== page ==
A Dandelion Moment


It’s been a long time since I wrote for my blog.  But yesterday I had a moment. I was leaving my neighborhood and as I looked to my left to check for traffic, I saw a familiar face at the bus stop with two dandelion seed heads (aka puff balls or clocks), one in each hand.  This man has been a part of my community for a long time and, from my observations over the last 7 years, I believe he is a person with special needs. Whenever I see this man, I make assumptions and a possible narrative for him; it is something I do that is a bit like people-watching, which helps me to connect and empathize with strangers.  I often see him walking in very different parts of the city, but I always see him walking the same long route to and from the bus stop, regardless of the weather. I would guess he is in his fifties and he is also always alone.  He always has a baseball hat and bag with him and I wonder where he goes, for he spends so much of his day walking and waiting for the bus that there does not seem to be much time for other activities.

Many people do not know that I used to teach young adults with special needs. My primary role with these individuals was to ease transition from school to independent living and employment.  I realize that my narrative for this man may be inaccurate or that I’m making false assumptions, but when I see this man— a man I do not know— I am proud of him and proud that he lives in my community.  I also believe that, just as fictional literature can teach us empathy and understanding, the stories we imagine can do the same.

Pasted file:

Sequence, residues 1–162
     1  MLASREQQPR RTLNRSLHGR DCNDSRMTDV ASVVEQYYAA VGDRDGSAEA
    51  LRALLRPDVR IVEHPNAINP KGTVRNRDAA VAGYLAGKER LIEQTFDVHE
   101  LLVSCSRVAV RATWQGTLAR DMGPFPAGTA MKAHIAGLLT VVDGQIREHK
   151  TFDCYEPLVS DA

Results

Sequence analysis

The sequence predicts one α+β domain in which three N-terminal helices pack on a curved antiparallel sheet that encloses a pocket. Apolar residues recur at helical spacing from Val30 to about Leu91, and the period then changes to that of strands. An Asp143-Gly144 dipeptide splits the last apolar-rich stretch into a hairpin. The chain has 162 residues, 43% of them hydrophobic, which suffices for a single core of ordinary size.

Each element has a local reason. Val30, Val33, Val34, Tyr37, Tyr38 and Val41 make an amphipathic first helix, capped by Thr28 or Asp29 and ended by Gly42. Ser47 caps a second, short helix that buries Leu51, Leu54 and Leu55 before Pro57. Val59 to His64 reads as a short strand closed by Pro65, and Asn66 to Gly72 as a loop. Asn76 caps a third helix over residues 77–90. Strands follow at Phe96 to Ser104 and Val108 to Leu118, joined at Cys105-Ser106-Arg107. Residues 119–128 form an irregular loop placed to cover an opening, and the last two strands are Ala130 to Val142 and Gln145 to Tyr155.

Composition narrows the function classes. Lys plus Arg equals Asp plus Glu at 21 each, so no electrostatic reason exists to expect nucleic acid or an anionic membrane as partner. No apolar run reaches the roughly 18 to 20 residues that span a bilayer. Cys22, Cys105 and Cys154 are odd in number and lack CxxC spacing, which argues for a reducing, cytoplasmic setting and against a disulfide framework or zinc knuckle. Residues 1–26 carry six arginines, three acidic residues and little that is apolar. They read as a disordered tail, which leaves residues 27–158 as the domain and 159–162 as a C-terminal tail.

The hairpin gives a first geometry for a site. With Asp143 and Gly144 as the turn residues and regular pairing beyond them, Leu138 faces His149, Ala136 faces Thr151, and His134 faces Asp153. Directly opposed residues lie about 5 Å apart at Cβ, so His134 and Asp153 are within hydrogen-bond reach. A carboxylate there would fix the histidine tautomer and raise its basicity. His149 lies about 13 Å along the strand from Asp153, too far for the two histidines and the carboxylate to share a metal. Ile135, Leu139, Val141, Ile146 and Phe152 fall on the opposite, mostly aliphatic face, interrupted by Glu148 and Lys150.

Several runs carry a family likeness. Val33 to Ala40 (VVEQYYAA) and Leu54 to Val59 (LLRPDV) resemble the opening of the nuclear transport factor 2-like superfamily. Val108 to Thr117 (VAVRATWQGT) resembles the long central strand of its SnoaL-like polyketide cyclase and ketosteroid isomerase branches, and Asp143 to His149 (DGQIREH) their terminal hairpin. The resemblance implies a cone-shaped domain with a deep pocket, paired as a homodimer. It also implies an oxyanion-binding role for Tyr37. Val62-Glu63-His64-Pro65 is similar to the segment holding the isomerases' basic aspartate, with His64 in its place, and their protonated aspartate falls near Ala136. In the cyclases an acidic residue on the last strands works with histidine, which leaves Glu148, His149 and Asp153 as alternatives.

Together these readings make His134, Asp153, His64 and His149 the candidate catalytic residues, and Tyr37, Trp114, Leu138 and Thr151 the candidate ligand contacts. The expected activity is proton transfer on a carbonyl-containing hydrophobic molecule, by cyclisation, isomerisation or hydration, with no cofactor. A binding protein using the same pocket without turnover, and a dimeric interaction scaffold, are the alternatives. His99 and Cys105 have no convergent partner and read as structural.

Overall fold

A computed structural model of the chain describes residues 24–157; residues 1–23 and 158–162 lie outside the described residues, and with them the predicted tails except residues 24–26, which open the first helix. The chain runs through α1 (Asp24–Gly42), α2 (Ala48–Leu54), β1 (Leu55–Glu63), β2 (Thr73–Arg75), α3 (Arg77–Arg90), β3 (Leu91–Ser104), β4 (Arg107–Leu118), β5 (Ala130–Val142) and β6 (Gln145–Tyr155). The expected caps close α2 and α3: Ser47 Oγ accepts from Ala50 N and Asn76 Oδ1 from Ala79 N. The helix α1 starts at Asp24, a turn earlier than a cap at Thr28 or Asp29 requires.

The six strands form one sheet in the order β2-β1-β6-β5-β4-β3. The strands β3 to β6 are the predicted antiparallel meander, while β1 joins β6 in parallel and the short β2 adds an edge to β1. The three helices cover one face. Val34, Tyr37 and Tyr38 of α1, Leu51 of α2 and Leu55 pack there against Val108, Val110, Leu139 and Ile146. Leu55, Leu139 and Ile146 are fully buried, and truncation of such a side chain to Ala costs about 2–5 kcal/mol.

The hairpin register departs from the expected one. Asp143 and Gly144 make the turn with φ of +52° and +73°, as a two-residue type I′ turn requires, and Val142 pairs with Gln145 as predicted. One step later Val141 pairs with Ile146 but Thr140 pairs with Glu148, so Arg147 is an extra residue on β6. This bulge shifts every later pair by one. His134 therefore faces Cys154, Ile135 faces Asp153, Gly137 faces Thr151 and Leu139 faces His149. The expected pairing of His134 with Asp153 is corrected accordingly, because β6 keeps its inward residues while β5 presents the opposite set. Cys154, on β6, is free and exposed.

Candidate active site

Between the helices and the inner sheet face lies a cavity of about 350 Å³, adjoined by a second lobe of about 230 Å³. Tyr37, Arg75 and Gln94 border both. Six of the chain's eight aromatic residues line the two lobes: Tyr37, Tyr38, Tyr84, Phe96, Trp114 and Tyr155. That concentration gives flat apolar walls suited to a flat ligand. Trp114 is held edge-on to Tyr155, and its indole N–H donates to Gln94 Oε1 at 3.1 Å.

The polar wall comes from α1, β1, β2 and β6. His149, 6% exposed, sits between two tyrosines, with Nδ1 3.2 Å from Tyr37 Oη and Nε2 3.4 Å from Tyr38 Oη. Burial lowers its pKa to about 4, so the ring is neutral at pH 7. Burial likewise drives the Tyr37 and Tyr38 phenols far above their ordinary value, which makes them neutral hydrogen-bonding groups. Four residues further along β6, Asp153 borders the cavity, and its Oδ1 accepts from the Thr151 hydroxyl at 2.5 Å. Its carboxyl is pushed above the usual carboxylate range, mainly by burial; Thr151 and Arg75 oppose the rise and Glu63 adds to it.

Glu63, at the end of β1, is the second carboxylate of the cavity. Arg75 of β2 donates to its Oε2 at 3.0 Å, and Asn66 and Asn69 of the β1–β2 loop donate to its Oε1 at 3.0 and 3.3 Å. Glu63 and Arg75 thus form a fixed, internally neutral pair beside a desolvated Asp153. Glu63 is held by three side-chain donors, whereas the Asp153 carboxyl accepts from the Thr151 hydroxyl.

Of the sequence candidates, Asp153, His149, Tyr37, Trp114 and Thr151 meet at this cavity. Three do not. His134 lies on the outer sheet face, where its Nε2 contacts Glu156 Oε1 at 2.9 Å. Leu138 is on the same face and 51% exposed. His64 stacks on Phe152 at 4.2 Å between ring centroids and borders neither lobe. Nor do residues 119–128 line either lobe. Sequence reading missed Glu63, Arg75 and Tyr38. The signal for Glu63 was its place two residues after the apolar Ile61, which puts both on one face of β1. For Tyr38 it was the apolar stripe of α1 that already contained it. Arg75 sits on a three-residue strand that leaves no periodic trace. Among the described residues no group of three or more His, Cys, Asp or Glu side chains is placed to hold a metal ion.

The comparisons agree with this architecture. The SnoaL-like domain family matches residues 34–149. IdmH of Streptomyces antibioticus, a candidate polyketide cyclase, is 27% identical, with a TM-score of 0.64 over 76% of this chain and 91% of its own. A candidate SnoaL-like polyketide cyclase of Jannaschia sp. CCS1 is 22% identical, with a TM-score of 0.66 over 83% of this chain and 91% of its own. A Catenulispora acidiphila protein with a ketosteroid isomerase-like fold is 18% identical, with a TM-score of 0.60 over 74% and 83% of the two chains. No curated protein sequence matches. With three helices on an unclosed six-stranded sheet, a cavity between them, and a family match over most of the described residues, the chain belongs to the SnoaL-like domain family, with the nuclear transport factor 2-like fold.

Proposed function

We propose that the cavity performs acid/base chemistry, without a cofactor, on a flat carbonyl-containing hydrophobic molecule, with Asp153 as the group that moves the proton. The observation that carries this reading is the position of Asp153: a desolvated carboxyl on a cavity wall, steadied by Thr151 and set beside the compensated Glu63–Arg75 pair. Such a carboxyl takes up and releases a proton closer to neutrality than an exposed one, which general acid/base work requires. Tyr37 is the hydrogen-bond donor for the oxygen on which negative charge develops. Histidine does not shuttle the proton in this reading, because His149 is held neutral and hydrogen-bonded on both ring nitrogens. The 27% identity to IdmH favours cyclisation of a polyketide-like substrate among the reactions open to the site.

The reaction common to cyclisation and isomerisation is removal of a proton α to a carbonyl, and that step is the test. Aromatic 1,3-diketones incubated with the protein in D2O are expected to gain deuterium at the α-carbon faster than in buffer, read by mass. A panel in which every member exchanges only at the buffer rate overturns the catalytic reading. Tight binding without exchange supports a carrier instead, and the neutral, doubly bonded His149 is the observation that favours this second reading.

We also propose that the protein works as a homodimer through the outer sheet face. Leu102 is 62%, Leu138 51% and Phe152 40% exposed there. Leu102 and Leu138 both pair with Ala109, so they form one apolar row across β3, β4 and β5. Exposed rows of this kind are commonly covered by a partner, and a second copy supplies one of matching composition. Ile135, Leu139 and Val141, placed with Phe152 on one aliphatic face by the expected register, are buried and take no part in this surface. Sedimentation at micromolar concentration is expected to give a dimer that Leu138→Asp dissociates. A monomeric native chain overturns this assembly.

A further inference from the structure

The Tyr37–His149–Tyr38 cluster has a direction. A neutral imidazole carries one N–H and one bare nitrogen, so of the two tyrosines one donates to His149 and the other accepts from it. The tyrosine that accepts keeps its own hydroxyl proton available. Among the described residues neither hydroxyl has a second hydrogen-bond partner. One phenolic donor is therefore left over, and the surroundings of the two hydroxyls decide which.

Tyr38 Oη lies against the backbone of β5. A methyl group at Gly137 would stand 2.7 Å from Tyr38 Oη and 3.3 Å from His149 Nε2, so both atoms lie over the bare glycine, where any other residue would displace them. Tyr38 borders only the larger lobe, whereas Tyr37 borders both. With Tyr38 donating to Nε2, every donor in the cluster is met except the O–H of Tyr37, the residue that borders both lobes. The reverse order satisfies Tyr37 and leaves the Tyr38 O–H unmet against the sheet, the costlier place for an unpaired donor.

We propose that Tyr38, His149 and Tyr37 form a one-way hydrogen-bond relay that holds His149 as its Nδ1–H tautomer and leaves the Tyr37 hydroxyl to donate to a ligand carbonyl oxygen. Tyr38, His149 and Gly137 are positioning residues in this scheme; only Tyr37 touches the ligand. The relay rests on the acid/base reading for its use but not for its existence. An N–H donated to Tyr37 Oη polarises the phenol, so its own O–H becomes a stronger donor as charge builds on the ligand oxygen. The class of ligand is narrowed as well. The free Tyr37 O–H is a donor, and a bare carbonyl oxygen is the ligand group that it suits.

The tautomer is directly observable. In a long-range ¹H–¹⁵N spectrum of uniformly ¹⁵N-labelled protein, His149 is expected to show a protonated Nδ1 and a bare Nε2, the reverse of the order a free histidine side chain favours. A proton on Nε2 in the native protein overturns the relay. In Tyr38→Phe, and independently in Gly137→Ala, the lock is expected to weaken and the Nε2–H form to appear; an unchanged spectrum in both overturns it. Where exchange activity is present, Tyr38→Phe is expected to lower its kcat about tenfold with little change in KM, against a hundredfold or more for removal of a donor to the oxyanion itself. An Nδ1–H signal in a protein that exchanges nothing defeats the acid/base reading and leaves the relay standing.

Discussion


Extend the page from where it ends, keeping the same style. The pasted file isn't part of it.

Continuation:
Two days ago, before I saw my neighbor at the corner, I heard this piece on NPR about how excessive photography and over-documentation could be washing out our memories.  When I saw this man standing there at the corner, I wanted to take his photograph.  As I drove away, the impulse remained and I thought about the ‘lost’ moment, but also about how that process would have affected him.  How would he have felt as I took my camera out and snapped a picture of him at the bus stop then drove away?  Not a lost moment, I decided– just one worth capturing a different way.

Often, especially when I am with my children, I try to remind myself of a moment at my high school graduation.  As 311 of us waded across the field to hug, congratulate, and take pictures, I found a good friend sitting on the ground all alone.  I asked him why he was just sitting there in his robe, hat in hand.  He said, “I’m just taking a mental picture.”  I have never forgotten the picture that I took of him when he said that; I always wondered if he took a picture of me at the same moment.

So, as I drove away and as I write this now, I can picture the face of a man.  He had tan pants, a white shirt, a grey jacket, and a white baseball hat.  A blue giant eagle bag hung on his wrist and he had a dandelion puff ball in each hand.  He was just about to blow on one and looked really excited to make his wish.  As I drove up to the stop sign and turned to check traffic, I caught him off-guard and he turned to look at me.  Our eyes met and he froze— I had interrupted his plan and he waited until I looked away.  As I drove off, I looked in my rear view mirror just in time to see him take a deep breath…

My eyes filled with tears of gratitude that I had taken the time to observe this moment and how another person in my community appreciates the world around us.  I was reminded how good it feels to slow down and make wishes.  I was reminded to take mental pictures.

What is your dandelion moment?